DCL Seminar–Spring Berman

Event Details

Josie Giles
IRIM Marketing Communications Mgr.


Summary Sentence: Spring Berman presents “A Control and Estimation Framework for Adaptive Robotic Swarms.”

Full Summary:

Arizona State University’s Spring Berman presents “A Control and Estimation Framework for Adaptive Robotic Swarms.” The event will be held in the Van Leer 218 from 1-2 p.m. and is open to the public.

  • Spring Berman Spring Berman

Arizona State University’s Spring Berman presents “A Control and Estimation Framework for Adaptive Robotic Swarms.” The event will be held in the Van Leer 218 from 1-2 p.m. and is open to the public.


In recent years, there has been an increasing focus on the development of robotic swarms that can perform tasks over large spatial and temporal scales. We are addressing the problem of reliably controlling swarms in realistic scenarios where the robots lack global position information, communication, and prior data about the environment. As in natural swarms, the highly resource-constrained platforms would be restricted to local information about swarm members and features that they randomly encounter in the course of exploration.

We are developing a rigorous control and estimation framework for swarms that are subject to these constraints and are deployed in dynamic, unstructured environments. This framework will enable swarms to operate largely autonomously, with user input consisting only of high-level directives that map to a small set of robot parameters. We use stochastic and deterministic models from chemical kinetics and fluid dynamics to describe the robots’ roles, task transitions, spatiotemporal distributions, and manipulation dynamics at both the microscopic (individual) and macroscopic (population) levels. In this talk, I will describe our work on various aspects of the framework, including strategies for mapping, task allocation, boundary coverage, formation control, herding, and ant-inspired collective transport. To validate these techniques, we are building a swarm of small manipulator-equipped robots, called “Pheeno,” designed to be low-cost, customizable platforms for multi-robot research and robotics education.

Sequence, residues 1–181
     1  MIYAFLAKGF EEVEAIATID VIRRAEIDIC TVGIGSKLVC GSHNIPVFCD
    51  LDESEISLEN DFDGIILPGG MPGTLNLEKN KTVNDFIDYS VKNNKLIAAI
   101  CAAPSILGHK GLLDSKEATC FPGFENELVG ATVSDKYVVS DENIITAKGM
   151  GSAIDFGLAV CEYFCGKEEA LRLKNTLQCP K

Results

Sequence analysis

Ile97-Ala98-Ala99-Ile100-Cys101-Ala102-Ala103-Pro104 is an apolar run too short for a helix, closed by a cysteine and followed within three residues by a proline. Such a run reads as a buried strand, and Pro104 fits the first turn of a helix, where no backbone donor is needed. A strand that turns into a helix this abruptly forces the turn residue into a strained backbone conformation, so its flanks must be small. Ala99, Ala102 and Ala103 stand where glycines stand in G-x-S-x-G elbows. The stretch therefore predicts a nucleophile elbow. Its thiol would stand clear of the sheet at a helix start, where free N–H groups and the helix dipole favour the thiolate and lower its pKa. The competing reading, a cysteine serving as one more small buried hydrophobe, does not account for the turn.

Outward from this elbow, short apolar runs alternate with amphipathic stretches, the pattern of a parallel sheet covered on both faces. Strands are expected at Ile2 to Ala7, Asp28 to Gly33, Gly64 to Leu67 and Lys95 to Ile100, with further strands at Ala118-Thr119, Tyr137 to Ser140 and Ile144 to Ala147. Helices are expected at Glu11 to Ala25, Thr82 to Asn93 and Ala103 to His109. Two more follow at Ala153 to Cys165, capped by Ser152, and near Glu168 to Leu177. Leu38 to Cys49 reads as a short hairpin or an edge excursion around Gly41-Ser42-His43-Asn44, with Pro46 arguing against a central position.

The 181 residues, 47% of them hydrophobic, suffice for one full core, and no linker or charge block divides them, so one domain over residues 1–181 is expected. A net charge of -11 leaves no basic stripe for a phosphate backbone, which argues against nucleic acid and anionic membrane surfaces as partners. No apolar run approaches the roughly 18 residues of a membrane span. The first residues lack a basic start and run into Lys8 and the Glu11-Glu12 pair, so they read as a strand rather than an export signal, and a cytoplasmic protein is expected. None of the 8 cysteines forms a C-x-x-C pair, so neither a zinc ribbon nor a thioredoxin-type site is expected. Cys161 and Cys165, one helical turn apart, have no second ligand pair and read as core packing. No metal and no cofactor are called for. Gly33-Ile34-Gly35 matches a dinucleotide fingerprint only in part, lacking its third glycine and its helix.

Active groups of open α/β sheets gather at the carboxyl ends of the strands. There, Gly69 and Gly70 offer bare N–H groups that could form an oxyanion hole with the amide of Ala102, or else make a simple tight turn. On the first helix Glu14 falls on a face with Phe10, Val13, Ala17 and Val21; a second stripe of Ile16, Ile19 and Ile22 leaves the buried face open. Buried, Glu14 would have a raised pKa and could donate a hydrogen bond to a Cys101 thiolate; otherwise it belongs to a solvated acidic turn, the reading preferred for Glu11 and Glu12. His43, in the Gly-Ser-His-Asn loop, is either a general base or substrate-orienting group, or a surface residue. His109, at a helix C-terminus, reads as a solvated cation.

Spring M. Berman is an assistant professor of Mechanical and Aerospace Engineering and graduate faculty in Computer Science and Exploration Systems Design at Arizona State University. She received the B.S.E. degree in Mechanical and Aerospace Engineering from Princeton University in 2005, and the Ph.D. degree in Mechanical Engineering and Applied Mechanics from the University of Pennsylvania in 2010. From 2010 to 2012, Berman was a postdoctoral researcher in Computer Science at Harvard University. Her research focuses on controlling swarms of resource-limited robots with stochastic behaviors to reliably perform collective tasks in realistic environments. She is also interested in the analysis of collective behaviors in biology and biologically inspired control of distributed systems. She was a recipient of the 2014 DARPA Young Faculty Award.

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Additional Information

In Campus Calendar

College of Computing, School of Interactive Computing, IRIM

Invited Audience
Undergraduate students, Faculty/Staff, Public, Graduate students
graduate students, Institute for Robotics and Intelligent Machines (IRIM), robotics, seminar series
  • Created By: Josie Giles
  • Workflow Status: Published
  • Created On: Oct 2, 2015 - 2:44am
  • Last Updated: Apr 13, 2017 - 5:18pm